Trauma-informed Uber?

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By Jeremy Loudenback, ChronicleOfSocialChange.org

As Los Angeles County mulls the idea of using ride-sharing services to escort foster youth to visitations with biological parents, some child-welfare experts wonder how such a service would be able to grapple with children with significant experiences of trauma and loss.

Los Angeles County Board of Supervisors members Sheila Kuehl and Mike Antonovich submitted a motion last week calling for improved family visitation, including the idea of exploring whether ride-sharing companies like Uber, Lyft or HopSkipDrive could transport children and family members to important family visits.

Children in the county’s foster-care system remain spread out across the vast geographical expanse of Los Angeles County. Trips to court, meetings with social workers or visitations with parents or other family members can take hours in some cases, given distances between parts of the county or traffic conditions.

However, experts suggest that the time foster youth spend shuttling between appointments should be considered more than just a long car ride. Instead, they say, time spent in a ride-share or other transportation could be an opportunity to create a trauma-informed system of care for youth in foster care, an idea that has drawn a response from several ride-sharing companies.

Wendy Smith, an associate dean and clinical associate professor at the University of Southern California’s School of Social Work, said most children in the child-welfare system have experienced some kind of traumatic event or chronic experiences of trauma prior to being placed in out-of-home care, not to mention the traumatic process of being taken away from the familiarity of home and thrust into the system.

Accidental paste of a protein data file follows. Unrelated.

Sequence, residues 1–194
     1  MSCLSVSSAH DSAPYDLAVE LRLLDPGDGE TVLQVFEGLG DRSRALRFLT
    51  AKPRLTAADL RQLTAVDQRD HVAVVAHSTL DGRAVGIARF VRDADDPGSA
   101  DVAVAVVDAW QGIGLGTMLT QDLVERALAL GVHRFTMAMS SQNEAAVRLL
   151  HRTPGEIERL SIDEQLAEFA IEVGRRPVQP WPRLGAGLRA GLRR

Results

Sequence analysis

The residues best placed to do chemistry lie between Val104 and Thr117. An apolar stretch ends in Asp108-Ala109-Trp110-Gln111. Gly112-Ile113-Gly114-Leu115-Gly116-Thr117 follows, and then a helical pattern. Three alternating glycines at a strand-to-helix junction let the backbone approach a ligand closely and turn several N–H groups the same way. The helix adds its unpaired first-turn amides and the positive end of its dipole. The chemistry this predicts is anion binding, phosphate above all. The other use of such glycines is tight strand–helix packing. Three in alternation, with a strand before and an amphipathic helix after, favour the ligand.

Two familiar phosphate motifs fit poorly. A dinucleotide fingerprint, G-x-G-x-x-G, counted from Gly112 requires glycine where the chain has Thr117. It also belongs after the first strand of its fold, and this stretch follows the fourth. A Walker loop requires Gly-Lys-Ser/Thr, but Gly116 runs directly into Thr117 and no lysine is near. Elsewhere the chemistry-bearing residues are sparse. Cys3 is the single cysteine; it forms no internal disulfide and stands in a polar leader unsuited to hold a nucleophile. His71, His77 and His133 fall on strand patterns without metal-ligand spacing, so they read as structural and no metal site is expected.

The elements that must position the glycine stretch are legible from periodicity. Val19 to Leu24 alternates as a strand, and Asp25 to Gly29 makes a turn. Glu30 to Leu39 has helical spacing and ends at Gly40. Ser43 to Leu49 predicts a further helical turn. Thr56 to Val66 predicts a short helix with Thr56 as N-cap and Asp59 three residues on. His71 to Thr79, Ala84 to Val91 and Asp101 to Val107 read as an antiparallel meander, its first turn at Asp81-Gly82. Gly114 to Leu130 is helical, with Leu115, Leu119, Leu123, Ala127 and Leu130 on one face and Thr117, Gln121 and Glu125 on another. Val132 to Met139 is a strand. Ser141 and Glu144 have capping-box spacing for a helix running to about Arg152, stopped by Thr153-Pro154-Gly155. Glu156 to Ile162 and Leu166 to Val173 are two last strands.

When these children arrive at visits with their parents, they are dealing with a complex set of emotions.

“It’s not like taking a child to a gymnastics class,” Smith said. “The moment of meeting with the parent is going to be powerful, followed by separation. These are powerful experiences, especially for children who have just entered care. These are the kinds of issues that people who are providing transportation would need to know something about.”

If L.A. moves forward in using ride-share companies to offer rides to foster youth, Smith hopes that the county could make sure the services and drivers are taking into account the histories of trauma that most foster youth carry with them.

“If we develop some type of pilot project, these people need training,” Smith said. “For people who are driving, it’s not like they’ll have to do therapy or have right words to say, but it will help them to know who the person they’re carrying might be, to be tender or gentle, or remember that this is someone who is going through a powerful meeting with their parent.”

Ride-sharing behemoths Uber and Lyft do not allow youth under the age of 18 to ride unaccompanied by an adult.

Tracey Breeden, a representative from Uber, says that in the event of an emergency, the company encourages drivers to contact 911.

“Our platform should not be viewed as a substitute for trained medical and emergency response professionals,” Breeden said in an email sent to The Chronicle of Social Change.

Currently, a handful of ride-share companies offer services aimed at children. Los Angeles-based HopSkipDrive, Kango and Zum all offer rides aimed at ferrying unaccompanied children to school and other appointments without a parent in the car.